And become useful and helpful and kind to one another, tenderhearted (compassionate, understanding, loving-hearted), forgiving one another [readily and freely], as God in Christ forgave you. (Ephesians 4:32 AMPC)
Today’s scripture instructs us to be kind, understanding, and forgiving. Today I want to focus on being tenderhearted or understanding. To be understood is a desire that most all humans crave but seem to have less intentionality in providing it to the others we interact with or have relationship with. One of our greatest challenges for pursuing understanding is with our spouses and children.
Most of us have very little understanding of other people including our mates. It has been said that it takes a huge amount of understanding to make a marriage successful. Yet many of us, despite relational difficulties, have not made a concerted effort to truly understand those we say we love.
Our marriages require accepting a life-long project and commitment to learn to understand each other. It is only in coming to understand the other that true love can exist and thrive. If we can invest our time and energy into understanding our mates, the rest of life’s complexity will seem easy in comparison. In order to understand and really know your spouse, you must study them.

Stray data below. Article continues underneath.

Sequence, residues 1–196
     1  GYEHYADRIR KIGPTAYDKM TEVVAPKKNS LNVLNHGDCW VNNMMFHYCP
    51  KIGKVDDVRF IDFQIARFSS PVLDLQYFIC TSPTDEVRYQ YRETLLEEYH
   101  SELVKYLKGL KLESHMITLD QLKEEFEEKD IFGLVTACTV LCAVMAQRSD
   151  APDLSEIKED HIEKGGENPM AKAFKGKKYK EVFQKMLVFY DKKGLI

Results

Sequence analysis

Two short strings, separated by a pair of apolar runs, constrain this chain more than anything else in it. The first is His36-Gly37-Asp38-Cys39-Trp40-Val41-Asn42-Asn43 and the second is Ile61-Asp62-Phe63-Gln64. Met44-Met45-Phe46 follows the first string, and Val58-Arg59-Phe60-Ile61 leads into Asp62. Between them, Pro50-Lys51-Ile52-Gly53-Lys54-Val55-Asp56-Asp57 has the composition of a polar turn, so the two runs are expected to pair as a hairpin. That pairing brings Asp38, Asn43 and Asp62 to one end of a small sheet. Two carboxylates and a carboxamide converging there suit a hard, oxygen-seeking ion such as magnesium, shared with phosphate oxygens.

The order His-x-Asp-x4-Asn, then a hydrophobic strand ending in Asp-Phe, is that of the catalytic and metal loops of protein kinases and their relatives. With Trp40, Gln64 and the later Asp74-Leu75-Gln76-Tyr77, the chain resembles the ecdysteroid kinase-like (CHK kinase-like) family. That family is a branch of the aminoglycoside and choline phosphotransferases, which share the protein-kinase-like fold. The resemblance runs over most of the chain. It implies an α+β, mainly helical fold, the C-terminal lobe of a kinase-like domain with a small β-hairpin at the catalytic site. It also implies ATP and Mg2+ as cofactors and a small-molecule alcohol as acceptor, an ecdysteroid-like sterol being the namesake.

Studying our mates is to observe them as the unique and complicated being they are. There are no two of us who are exactly the same because God has created us as unique individuals who are ever changing as life happens. We need to note habits, likes and dislikes, humor, what pleases or upsets. We need to know when encouragement, affection, admiration, confirmation, or calming support is necessary. Simply put, we must know what makes our spouses tick.
By making our spouses the center of our attention, we will begin to understand them with their and God’s help. We started with the directive to be kind, understanding, and forgiving. In coming to know our spouses, we will know the thoughts and acts of kindness we can provide for them. Understanding one another reduces the conflict caused by misinterpreted motives, and actions. When we understand, we can realistically love and forgive each other just as God does.
Make understanding those you love a priority so that true love can be expressed in kindness, compassion, and forgiveness. Give your spouse the gift of being able to say, “I get you”. (Adrian)